Chado Ralph Rucci

Although his design concepts are heavenly, Ralph Rucci’s approach is down to Earth with meticulous attention given to every precise detail - down to the last stitch.

Director, David Boatman's documentary, Ralph Rucci: A Designer and His House, follows Rucci through the intricate design process, during the creation of his Fall 2008 couture and Spring 2008 ready-to-wear collections. The film, which was recently screened at New York’s Museum of Modern Art in the Titus II Theater, also premiered on the Sundance channel. It features runway footage from New York and Paris, and interviews with a number of the fashion world editors and leading indusrty insiders, plus narration by Martha Stewart. The film achieved a five-star rating on Sundance.

Filmed in New York and Paris by cinematographer Theo Stanley, the film was edited by Ryan Fenson-Hood. An original score was composed by Justin Marchacos. Jeremy Stillman was the online editor.

Since 1994, Rucci’s Chado brand has gained a reputation in the fashion world for impeccable craftsmanship and stylish looks. The name Chado is derived from that of a traditional Japanese tea ceremony which symbolizes respect, tranquility and integrity.

Rucci is known for his original and innovative approaches to cut and construction of garments and for his high standards. He is an idealist who constantly pushes the edge of creativity to achieve perfection. With intellectual rigor and a love of his craft, he has become a highly respected in top fashion circles and has attracted a sophisticated international clientele. Rucci's work reflects his introspective approach to design. He draws inspiration from a wide range of contemporary and historical sources. He is closely supported by Larissa Ryzhova, the Artistic Director at Chado Ralph Rucci, and a team of talented and dedicated individuals who translate his concepts into reality.

Driven by an intense imagination, Rucci designed his sophisticated 2008 Chado collection with a neutral palette, using exotic materials and luxurious fabrics which were manufactured by European mills. Rucci’s clean-cut, sculptured creations are designed to flow in unique ways with body movements. His current collection includes styles which feature hammered-satin suits, short, laser-cut jackets, narrow pants with sixties-style tunics and slouchy fur tops. Rucci’s collection includes prints that incorporate his own watercolor and acrylic designs and even his handprint. Rucci also designs a ready-to-wear line of clothing.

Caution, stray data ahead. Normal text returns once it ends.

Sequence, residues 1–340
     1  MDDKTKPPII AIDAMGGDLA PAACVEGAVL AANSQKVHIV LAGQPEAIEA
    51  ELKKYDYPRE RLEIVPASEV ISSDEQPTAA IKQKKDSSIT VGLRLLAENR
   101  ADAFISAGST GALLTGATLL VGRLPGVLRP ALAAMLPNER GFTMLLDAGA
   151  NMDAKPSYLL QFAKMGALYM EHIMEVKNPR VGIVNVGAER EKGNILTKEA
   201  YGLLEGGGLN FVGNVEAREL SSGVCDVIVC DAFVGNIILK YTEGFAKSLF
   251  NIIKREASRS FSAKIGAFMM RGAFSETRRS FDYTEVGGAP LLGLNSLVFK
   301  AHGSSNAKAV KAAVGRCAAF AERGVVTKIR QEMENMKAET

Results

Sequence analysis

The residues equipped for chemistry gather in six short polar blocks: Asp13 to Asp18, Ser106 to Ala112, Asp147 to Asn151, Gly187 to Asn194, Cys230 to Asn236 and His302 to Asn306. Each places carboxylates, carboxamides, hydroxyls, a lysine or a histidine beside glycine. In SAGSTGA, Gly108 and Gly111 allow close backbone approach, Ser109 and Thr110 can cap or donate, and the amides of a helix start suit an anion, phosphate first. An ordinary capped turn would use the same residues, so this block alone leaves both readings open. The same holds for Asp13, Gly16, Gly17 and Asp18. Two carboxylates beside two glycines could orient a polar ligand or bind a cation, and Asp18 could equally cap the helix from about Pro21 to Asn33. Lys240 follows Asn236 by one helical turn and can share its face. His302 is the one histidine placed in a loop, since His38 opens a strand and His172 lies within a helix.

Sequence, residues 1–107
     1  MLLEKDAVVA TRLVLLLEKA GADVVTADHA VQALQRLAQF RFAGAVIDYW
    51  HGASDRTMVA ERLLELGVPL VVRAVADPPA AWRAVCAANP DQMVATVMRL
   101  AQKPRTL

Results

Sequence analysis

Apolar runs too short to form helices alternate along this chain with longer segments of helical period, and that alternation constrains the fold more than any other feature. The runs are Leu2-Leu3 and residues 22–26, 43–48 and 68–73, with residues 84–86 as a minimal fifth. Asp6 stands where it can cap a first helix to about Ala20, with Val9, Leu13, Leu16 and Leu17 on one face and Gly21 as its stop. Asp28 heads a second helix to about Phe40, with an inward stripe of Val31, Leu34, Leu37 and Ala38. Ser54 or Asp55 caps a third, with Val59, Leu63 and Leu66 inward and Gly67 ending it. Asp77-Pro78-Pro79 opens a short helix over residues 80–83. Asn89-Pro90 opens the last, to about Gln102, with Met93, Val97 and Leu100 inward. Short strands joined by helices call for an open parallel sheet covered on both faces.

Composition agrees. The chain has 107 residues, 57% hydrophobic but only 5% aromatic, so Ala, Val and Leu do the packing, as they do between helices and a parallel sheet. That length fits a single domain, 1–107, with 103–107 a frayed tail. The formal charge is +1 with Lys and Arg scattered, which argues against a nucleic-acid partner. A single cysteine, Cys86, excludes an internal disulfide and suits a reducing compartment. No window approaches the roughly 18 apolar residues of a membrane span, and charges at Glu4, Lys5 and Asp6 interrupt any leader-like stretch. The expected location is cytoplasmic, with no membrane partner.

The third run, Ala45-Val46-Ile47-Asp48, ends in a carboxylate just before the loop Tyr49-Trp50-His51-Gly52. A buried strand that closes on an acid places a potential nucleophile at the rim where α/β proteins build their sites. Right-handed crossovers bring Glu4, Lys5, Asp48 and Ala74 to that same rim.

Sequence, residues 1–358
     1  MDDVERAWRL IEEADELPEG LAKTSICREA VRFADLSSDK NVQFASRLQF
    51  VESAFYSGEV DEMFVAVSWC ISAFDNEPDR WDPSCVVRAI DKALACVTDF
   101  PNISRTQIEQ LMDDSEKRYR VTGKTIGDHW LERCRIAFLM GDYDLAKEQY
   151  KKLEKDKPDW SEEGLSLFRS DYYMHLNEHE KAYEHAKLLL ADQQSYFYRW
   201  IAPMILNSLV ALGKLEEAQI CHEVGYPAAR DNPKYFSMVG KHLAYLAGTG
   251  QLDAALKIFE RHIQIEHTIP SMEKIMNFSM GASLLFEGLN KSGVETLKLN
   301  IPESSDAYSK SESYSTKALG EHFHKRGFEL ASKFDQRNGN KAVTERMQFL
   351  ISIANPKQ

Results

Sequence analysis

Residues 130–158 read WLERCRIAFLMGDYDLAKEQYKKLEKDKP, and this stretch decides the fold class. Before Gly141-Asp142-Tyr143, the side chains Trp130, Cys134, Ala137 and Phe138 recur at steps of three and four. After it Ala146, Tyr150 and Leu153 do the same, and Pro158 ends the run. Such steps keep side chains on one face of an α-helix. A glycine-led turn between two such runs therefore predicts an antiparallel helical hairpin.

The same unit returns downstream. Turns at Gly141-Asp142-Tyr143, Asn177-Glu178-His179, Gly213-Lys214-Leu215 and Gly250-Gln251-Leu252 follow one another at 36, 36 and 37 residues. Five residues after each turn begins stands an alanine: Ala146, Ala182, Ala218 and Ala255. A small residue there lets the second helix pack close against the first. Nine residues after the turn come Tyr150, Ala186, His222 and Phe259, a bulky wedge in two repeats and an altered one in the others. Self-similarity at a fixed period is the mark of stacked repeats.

The documentary film transports viewers onto the high fashion runways of New York and Paris and provides a behind -the-scenes look into the fascinating world of designer Ralph Rucci and his staff. Rucci describes what it’s like to survive and succeed in his high pressure environment and explains his creative approach to designing expensive, trend-setting, one-of-a-kind haute couture fashions. In his comments, Rucci shares his feelings about the challenges and highlights that have marked his career. He describes what took place in the design and production process, during the tension-filled time that led up to the Paris introduction of his fall 2008 collection. Anxiety ran high as Rucci and his team wondered how the collection they had worked so hard on would be received by buyers and fashion world critics.

As Rucci’s staff arrives in Paris, the film cuts to dreamy scenes of the Eiffel Tower and other Paris landmarks, then to Rucci and his team making final preparations for the fashion debut there.

As the Paris showing begins, the camera pans to opening shots of beautiful slim models softly gliding down the runway, modeling the end results of Rucci’s design genius. Drama is created, when one model walks the runway in total silence, except for a clicking of her heels on the catwalk - an innovative sound effect designed by Ryan Fenson-Hood.

From simple beginnings as the son of a Philadelphia butcher, Ralph Rucci was graduated from Temple University, where he majored in literature and philosophy. He moved to New York, to study design at the Fashion Institute of Technology, before founding Chado Ralph Rucci in 1994. Chado’s small staff includes his sister, who works with him at his Soho atelier.

In 2002, Rucci became the first American designer since Mainbocher in 1930 to be invited by the Chambre Syndicale to present his work as part of the Paris haute couture fashion calendar. He’s been twice nominated for CFDA Designer of the Year. In October of 2008 Rucci received the Cooper Hewitt national design award.



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